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J Consult Clin Psychol. 2014 Apr;82(2):342-8. doi: 10.1037/a0035808. Epub 2014 Feb 3.

Sequenced versus coordinated treatment for adolescents with comorbid depressive and substance use disorders.

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Oregon Research Institute.



We evaluated 3 methods of integrating interventions for depression (Adolescent Coping With Depression Course; CWD) and substance use disorders (Functional Family Therapy; FFT), examining (a) treatment sequence effects on substance use and depression outcomes and (b) whether the presence of major depressive disorder (MDD) moderated effects.


Participants were 170 adolescents (ages 13-18; 22% female; 61% non-Hispanic White) with comorbid depressive disorder (54% MDD, 18% dysthymia) and substance use disorders who were randomized to (a) FFT followed by CWD (FFT/CWD), (b) CWD followed by FFT (CWD/FFT), or (c) coordinated FFT and CWD (CT). Acute treatment (24 treatment sessions provided over 20 weeks) and 6- and 12-month follow-up effects are presented for substance use (percentage of days of substance use; Timeline Followback) and depression (Children's Depression Rating Scale-Revised).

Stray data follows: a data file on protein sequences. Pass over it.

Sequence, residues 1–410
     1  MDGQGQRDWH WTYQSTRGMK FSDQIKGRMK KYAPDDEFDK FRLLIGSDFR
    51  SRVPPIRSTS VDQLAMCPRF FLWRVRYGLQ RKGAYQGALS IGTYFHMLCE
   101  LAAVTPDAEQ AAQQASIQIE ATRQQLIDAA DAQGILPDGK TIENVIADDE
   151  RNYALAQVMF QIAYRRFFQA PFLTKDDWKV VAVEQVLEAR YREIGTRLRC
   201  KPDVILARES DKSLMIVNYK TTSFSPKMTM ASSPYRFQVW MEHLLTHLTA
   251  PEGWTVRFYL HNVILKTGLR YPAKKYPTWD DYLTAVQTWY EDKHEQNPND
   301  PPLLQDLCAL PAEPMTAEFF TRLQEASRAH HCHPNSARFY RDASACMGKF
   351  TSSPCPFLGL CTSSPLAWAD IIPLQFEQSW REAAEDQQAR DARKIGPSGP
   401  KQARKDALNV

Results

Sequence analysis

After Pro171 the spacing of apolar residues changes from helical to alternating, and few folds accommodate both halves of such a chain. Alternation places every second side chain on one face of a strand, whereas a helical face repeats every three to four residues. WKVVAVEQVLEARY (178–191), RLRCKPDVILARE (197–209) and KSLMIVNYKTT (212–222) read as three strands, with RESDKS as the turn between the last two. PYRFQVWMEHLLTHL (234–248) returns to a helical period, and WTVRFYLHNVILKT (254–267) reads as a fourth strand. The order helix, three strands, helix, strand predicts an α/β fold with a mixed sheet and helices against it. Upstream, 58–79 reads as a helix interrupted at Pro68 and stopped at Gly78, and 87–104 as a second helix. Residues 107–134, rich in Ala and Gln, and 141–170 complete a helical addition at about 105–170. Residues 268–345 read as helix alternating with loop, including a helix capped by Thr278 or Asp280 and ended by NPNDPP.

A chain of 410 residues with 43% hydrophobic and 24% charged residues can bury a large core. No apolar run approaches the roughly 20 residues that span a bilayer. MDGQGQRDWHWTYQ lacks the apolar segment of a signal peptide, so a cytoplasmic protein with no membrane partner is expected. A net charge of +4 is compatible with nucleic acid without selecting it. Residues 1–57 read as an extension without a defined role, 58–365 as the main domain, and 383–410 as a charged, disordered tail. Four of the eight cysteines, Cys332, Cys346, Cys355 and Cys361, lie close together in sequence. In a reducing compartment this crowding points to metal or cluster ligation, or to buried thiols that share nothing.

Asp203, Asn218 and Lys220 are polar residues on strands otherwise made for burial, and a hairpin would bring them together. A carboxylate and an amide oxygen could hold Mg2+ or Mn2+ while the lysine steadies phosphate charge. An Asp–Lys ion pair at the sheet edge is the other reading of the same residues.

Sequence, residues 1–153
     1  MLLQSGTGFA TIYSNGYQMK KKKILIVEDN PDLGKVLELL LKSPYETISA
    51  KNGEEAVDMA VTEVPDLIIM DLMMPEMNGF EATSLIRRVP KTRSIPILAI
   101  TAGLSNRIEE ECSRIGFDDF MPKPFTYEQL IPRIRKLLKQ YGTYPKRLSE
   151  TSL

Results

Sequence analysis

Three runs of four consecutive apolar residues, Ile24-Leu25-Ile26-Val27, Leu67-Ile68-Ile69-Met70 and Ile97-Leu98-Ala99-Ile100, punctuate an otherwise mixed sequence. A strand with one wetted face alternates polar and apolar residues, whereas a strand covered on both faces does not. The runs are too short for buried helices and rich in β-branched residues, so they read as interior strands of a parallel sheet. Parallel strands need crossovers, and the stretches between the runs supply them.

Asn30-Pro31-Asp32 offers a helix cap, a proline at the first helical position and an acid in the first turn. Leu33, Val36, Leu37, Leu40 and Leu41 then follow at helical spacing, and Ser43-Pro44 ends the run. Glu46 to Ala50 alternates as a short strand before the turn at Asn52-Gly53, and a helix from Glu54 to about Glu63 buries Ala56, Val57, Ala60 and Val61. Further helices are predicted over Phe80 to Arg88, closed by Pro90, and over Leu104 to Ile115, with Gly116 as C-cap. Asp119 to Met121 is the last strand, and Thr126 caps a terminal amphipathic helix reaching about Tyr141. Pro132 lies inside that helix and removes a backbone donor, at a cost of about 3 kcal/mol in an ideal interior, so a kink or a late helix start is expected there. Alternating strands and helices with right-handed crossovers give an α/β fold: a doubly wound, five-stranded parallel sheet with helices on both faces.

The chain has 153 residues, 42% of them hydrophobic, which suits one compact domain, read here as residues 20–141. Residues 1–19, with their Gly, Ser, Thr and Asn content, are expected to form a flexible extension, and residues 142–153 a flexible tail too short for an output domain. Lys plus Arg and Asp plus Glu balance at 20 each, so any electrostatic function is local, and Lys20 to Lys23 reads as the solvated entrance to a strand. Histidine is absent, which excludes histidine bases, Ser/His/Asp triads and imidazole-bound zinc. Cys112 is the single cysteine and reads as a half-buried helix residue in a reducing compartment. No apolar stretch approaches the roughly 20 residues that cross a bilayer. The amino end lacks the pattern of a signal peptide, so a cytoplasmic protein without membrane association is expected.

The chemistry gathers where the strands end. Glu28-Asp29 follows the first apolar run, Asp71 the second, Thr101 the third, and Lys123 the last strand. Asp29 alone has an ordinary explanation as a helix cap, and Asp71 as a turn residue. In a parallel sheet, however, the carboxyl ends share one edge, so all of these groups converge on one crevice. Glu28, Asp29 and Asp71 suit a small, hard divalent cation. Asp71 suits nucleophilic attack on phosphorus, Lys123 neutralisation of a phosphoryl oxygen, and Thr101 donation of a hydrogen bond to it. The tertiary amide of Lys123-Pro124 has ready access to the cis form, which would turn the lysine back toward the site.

FFT/CWD achieved better substance use outcomes than CT at posttreatment, and 6- and 12-month follow-ups; substance use effects for CWD/FFT were intermediate. For participants with baseline MDD, the CWD/FFT sequence resulted in lower substance use than either FFT/CWD or CT. Depressive symptoms decreased significantly in all 3 treatment sequences with no evidence of differential effectiveness during or following treatment. Attendance was lower for the second of both sequenced interventions. A large proportion of the sample received treatment outside the study, which predicted better outcomes in the follow-up.


Depression reductions occurred early in all 3 treatment sequences. Of the examined treatment sequences, FFT/CWD appeared most efficacious for substance use reductions but addressing depression early in treatment may improve substance use outcomes in the presence of MDD.

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